Does eating cheese give you nightmares? How about eating certain types of cheese just before bedtime? I was just wondering since I just ate a whole lot of cheese and its just gone midnight...
Rebecca says: Great question! I have often wondered about this rumor myself... To find out, The British Cheese Board (oh dear) carried out a scientific investigation in 2005 in which participants were asked to eat a small 3 ounce piece of cheese before bedtime. They kept a record of their dreams and nightmares to detect any patterns and see if they really could induce cheese dreams.
Interestingly, 75% of volunteers said they slept pretty well every night and most of those could remember and report their dreams. This led the Cheese Board to conclude that the essential amino acid in milk - called tryptophan - was having its effect on the cheese-eaters by normalizing their sleep patterns and reducing stress levels.
Now comes the really strange part... In an interview with National Public Radio, Nigel White, the Secretary of The British Cheese Board, explained that people eating Blue Stilton cheese before bedtime reported very vivid dreams - not necessarily nightmares, but certainly wacky in their content.
He also said that the common Cheddar cheese produced more dreams about celebrities, while Cheshire cheese produced a nice, dreamless sleep. Red Leicester led to nostalgic dreams featuring childhood content, while Lancashire produced dreams of work - definitely a nightmare for some!
So, does eating cheese give you nightmares? According to The British Cheese Board, the answer is no. But it does appear to increase dream intensity, which helps you to remember more dreams, and produces more vivid and emotionally charged dreams, depending on the type of cheese you eat...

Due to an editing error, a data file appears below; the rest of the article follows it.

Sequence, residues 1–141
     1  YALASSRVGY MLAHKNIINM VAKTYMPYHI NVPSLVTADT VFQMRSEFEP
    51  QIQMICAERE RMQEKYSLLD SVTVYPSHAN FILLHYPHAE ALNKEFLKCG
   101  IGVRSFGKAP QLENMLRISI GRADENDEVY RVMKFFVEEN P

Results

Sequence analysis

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Humans are unique in our endless capacity for imagination. According to Steven Mithen, an anthropologist at the University of Reading in the UK, we needed to evolve seven critical mental skills before we could have imagination as we know it. Each of these abilities serve a distinct purpose in their own right, while imagination is the culmination of them all.
The coolest brain hack I've ever experienced is the Wake Induced Lucid Dream - or WILD. The name says it all: during a WILD, you literally hand-off your awareness from a physically waking state directly into a sleeping lucid dream state. Though not the easiest lucid dream technique, it does have two big advantages. Lucidity on demand - choose when you have a lucid dream. Peak lucidity - it's the most vivid type of lucid dream available. In this tutorial, I explain how to have a Wake Induced Lucid Dream via two routes: visualization (using your hypnagogia) and the out-of-body exit. Buckle up, Dorothy, 'cause Kansas is going bye bye.
So here's a quirky little nighttime oddity that can strike terror into your soul. Sleep paralysis. It's the mechanism that stops you from acting out your dreams. It happens to you every single time you go to sleep, and you've probably never even been aware of it. There's a lot to say about sleep paralysis. One the one hand, it's a very normal bodily process. One the other, it can be a terrifying sleep disorder. And on the third hand (yes, that's three hands now) it's the gateway to the lucid dream world. It covers quite the spectrum of emotions.
Want to get your hands on some futuristic technology? Then why not use your lucid dreams to explore new scientific concepts and developments? In fact, it's thought that numerous well-known scientists including Nikola Tesla exploited their dreams to simulate theories and prototypes in action. Here are five futuristic concepts to get your dream cogs in motion.
So you want a real challenge for your next lucid dream? Check out these thought experiments. They have no right or wrong answers, at least as far as we can prove in 2015. If you undertake any of these - please add a comment below. The beauty is that everyone's experience will be different and I'm eager to read your results.
Experts agree that everyone is capable of having lucid dreams. Dreaming itself is a normal function of the mind. We all dream every night, even if we don't remember. And we all achieve conscious awareness while awake every single day. So what does it mean to combine these states? Why, the amazing ability to have conscious - or lucid - dreams. Sounds simple, doesn't it? So why do I keep hearing from people who say they can't achieve their first lucid dream?